by Matt Weik
A few years ago, I had planned to open a gummy supplement brand. I sourced everything out, found a manufacturer that I was planning on working with, and then slammed on the brakes. I don’t know why, but there was something about gummies that peaked my curiosity, yet had me skeptical at the same time. Were gummy vitamins really legit? Are they as good as pill form? I contacted my manufacturer and told him I’d be holding off for the time being and that I would reach out to him if and when I was ready to move forward. Well, I guess it was good that I halted production as tests and research are now showing that gummy vitamins are pretty much junk. Boy, did I just save myself a ton of money!
Too much or too little… Pick your poison.
Do gummies belong in the industry? Sure. Many people choose the route of gummies because they can’t swallow pills easily. However, some gummy vitamin brands on the market coat their gummies with sugar to improve the taste and mask the natural vitamin flavors as well as include various colors to make them look more appealing – not to mention preservatives. Research has shown that obviously sugar isn’t healthy for us, but similarly that colors and dyes used in consumable products also have health risks as well.
What researchers have found is that there are inconsistencies with gummy vitamins on the market. Some brands that were tested had more nutrients in them while others had less. Either way you slice it, this isn’t ideal. In fact, the results from different gummy vitamin brands came back showing that 80 percent of the gummy vitamins did not meet today’s standards of dietary supplements.
When 50 different brands and varieties of vitamins were tested as a whole, some brands had 24 percent fewer nutrients than what the label claimed, and as high as 157 percent more than what the label claimed. 80% of the gummy vitamins tested showed higher than normal levels of vitamin A. They claim that this can be due to inconsistencies during the manufacturing process where nutrients are being sprayed onto the gummy.
Some brands were also missing nutrients altogether according to the test results. One of the brands was missing 10 of the vitamins listed and two other brands were missing nine. Pretty deceptive, right?
It keeps getting worse…
If you look at who many gummy vitamins are marketed to (kids), it raises some concern about if it’s a wise choice. Children aren’t able to swallow many pills due to them being a choking hazard. What is the next best thing? A gummy. However, due to the fact that many gummy vitamins have colors (which are especially bad for kids) and sugar, it would personally be on my no-no list to give to my child.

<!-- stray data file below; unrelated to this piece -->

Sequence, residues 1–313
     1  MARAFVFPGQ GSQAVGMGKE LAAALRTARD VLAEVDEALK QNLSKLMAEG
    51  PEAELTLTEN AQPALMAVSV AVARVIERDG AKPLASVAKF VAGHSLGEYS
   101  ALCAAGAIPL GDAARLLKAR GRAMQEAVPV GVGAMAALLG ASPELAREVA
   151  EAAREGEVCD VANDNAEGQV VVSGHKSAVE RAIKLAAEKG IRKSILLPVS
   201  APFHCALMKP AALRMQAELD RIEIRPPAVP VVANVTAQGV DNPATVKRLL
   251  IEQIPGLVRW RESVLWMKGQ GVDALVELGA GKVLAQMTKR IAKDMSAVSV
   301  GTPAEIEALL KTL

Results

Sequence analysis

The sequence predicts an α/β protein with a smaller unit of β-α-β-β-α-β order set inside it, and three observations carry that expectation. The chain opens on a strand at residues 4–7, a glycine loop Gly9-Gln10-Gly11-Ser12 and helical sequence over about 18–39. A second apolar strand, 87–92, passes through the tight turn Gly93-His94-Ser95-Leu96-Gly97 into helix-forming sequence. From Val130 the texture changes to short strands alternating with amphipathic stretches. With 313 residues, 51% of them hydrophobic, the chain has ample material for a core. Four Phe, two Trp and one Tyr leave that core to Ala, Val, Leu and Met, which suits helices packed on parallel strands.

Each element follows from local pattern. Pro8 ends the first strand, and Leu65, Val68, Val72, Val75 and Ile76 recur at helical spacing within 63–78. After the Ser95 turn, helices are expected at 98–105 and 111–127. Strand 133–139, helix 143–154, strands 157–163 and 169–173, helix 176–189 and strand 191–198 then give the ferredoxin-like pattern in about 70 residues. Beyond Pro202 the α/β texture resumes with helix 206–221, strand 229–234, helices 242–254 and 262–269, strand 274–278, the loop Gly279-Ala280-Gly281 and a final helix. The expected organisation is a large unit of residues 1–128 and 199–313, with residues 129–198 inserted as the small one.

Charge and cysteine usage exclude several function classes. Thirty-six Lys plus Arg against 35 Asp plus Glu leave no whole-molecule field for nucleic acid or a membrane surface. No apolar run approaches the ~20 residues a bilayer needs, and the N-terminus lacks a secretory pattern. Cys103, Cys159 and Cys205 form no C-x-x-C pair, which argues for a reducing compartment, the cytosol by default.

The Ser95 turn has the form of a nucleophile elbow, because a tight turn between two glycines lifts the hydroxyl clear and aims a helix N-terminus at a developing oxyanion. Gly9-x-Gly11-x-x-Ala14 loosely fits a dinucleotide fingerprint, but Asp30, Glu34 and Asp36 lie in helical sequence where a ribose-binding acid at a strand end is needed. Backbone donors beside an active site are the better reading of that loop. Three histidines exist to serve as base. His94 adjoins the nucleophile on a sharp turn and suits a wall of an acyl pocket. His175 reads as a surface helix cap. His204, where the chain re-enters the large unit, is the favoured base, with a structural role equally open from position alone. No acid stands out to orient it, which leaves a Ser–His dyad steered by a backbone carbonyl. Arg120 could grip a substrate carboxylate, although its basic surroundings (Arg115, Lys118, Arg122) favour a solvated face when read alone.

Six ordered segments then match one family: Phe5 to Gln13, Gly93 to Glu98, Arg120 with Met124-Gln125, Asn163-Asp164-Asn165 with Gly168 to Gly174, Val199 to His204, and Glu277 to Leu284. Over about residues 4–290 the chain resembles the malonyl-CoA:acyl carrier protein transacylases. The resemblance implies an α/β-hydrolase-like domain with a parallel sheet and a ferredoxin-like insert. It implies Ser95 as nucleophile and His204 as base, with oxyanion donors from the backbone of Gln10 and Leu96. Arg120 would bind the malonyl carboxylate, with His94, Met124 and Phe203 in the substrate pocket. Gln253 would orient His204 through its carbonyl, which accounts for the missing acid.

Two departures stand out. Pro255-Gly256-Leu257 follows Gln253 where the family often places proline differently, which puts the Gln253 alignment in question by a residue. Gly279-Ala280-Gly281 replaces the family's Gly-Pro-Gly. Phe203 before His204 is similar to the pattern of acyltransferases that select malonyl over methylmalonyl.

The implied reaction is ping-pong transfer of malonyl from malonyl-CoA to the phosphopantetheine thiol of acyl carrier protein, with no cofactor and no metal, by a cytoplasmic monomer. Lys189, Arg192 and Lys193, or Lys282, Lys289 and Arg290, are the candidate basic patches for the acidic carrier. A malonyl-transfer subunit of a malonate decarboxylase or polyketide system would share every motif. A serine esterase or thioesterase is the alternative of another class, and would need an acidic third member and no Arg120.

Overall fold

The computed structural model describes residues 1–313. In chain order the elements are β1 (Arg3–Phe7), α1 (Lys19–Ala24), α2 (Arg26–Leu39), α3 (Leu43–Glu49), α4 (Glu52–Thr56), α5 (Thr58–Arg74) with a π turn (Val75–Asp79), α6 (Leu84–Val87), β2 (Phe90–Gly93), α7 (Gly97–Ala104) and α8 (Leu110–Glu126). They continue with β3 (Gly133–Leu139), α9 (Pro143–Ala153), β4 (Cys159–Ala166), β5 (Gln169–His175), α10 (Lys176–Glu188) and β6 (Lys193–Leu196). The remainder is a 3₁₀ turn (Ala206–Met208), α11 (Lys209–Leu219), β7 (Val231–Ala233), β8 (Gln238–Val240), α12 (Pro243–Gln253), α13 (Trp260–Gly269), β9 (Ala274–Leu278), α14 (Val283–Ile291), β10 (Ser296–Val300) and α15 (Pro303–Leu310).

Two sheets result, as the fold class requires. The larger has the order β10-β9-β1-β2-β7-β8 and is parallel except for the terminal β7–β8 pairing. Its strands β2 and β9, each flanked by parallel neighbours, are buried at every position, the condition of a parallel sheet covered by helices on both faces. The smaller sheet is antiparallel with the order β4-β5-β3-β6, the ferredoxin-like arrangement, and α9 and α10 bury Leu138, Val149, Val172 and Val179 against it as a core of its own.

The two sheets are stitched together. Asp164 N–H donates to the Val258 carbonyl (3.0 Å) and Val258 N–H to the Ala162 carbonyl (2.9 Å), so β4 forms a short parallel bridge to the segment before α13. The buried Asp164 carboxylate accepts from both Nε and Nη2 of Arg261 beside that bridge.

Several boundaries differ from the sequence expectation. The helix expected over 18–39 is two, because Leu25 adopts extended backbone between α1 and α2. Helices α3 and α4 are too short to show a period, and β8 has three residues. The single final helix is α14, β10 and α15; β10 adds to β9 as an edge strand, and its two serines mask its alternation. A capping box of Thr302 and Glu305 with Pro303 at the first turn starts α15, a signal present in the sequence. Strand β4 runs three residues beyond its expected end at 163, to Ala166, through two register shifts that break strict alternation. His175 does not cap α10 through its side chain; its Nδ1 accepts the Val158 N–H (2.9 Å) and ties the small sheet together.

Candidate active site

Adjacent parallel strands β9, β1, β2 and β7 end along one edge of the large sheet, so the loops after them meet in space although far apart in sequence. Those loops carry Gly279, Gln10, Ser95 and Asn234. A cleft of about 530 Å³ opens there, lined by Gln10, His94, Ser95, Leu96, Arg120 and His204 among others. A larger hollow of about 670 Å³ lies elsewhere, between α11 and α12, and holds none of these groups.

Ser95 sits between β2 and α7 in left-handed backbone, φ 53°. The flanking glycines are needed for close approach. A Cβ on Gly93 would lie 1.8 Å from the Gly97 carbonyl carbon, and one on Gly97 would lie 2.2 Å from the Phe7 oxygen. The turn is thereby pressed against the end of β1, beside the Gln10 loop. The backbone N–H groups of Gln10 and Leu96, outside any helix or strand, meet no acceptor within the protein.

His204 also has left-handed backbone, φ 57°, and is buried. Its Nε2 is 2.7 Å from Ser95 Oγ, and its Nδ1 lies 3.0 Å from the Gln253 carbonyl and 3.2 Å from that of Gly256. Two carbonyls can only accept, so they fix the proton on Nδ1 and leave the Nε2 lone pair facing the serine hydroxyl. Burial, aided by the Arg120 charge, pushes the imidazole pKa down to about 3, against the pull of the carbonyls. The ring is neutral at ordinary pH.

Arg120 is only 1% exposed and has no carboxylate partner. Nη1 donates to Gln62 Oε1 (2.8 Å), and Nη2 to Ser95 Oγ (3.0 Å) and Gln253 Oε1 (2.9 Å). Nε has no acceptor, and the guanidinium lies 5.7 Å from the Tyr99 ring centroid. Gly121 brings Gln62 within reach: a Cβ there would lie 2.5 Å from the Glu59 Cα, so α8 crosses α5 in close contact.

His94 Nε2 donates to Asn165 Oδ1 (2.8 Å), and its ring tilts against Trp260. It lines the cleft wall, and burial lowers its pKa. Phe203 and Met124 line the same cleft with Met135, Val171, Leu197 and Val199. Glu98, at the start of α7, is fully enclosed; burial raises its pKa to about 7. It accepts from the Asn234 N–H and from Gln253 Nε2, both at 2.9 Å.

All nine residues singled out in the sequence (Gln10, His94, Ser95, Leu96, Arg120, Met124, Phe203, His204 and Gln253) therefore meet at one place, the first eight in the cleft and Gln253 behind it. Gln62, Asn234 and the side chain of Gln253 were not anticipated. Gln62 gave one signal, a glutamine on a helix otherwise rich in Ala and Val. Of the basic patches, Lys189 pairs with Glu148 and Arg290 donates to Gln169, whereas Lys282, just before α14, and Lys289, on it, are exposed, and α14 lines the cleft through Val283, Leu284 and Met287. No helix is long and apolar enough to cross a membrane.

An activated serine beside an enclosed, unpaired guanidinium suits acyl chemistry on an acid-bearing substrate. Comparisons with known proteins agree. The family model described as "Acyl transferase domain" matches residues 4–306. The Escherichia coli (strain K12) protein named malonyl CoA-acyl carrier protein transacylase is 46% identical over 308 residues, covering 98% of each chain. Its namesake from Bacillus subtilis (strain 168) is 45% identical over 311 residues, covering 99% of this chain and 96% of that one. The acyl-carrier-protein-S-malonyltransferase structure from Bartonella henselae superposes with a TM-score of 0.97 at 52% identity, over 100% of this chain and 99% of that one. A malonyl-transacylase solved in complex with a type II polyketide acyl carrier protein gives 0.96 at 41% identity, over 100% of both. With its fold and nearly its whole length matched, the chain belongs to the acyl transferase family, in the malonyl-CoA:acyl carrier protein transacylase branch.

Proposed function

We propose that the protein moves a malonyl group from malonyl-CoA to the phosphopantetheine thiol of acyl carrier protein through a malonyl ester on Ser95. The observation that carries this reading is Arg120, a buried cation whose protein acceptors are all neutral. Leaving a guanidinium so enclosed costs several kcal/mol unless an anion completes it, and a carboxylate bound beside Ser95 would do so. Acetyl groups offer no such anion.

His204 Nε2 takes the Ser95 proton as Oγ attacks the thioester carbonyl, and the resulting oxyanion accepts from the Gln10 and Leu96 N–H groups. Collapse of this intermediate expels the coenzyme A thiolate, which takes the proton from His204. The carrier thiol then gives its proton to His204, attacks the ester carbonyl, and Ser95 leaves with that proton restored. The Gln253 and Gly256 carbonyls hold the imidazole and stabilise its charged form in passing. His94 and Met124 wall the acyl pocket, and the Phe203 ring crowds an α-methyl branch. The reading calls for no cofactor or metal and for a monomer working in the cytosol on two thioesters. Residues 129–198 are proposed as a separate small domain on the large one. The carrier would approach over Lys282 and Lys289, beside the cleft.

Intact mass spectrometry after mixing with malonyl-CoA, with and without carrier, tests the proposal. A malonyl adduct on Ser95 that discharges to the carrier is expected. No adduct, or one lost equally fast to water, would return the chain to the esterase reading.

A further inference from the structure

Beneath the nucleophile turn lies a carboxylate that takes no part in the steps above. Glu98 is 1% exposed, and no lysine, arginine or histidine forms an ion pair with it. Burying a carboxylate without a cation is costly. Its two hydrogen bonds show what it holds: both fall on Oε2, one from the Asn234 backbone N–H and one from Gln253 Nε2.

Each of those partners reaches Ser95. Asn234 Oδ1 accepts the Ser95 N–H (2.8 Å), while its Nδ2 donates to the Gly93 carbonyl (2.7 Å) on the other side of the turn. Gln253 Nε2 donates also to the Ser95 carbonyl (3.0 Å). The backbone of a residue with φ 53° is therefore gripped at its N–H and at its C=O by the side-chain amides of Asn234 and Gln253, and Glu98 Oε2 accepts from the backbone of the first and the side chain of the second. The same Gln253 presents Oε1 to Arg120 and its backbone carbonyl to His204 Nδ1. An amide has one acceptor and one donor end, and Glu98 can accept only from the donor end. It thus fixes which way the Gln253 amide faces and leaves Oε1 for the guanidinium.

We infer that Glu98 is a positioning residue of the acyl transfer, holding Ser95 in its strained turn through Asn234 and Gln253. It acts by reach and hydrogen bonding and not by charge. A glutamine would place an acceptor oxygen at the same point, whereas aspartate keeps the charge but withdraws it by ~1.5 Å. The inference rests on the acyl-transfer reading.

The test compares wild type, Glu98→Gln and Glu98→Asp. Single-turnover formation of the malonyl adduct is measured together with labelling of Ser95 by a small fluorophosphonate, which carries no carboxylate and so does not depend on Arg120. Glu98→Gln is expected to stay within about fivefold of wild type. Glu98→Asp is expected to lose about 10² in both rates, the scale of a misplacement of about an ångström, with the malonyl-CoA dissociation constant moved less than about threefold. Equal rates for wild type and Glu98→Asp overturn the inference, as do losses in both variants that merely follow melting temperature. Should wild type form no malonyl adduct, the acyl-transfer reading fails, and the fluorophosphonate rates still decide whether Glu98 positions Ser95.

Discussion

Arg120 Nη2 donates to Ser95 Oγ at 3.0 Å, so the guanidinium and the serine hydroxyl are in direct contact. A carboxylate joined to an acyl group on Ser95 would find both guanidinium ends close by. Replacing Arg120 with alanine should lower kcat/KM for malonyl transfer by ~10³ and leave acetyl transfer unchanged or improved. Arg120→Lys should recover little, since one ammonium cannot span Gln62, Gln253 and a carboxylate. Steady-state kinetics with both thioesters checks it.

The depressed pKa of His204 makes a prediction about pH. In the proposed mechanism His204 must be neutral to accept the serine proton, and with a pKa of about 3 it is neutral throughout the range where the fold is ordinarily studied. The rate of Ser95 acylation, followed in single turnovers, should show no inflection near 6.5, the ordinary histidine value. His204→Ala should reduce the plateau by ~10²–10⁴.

Studies have shown that certain colors can negatively affect children and that sugar can cause cavities and tooth decay. This is disheartening as many parents are thankful for gummy vitamins in shapes and characters that their children would want to eat. Showing gummy vitamins to be deemed worthless is unfortunate.
Another issue that the study brought up is the fact that vitamin A is a fat-soluble vitamin. When compared to water-soluble vitamins, fat-soluble vitamins are not as easily digested and get stored in the organs of the body. When too much vitamin A is consumed, it can cause many different health issues and concerns.
Should you buy gummy vitamins?
Our body needs 13 vitamins which need to come from our diet or supplements as our body cannot manufacture them on its own. That being said, if you are trusting your multivitamin, you might be falling short (especially if it’s of the gummy variety).
Are gummy vitamins something you should purchase? I wouldn’t recommend it. However, if it’s the only option you have because you can’t swallow pills, then you really don’t have much of a choice unless you eat a wide variety of foods every day and can get in all of your micronutrients through whole foods alone. Unfortunately, not many people can do this and that’s where supplements come into play.
If you are going to purchase a gummy vitamin, read the label carefully. You can also do some research on the brand you are looking to purchase from. Consumerlab.com has a list of multivitamins that they have tested with all of the results for you to view. I’d highly recommend taking a look at their site to help you choose a vitamin that you won’t be wasting your money on or that won’t potentially cause health issues if it doesn’t meet the label claims.
Brantley, Kayla. “Gummy Vitamins Do NOT Work and Can Do More Harm than Good.” Daily Mail, 4 Dec. 2017. Web.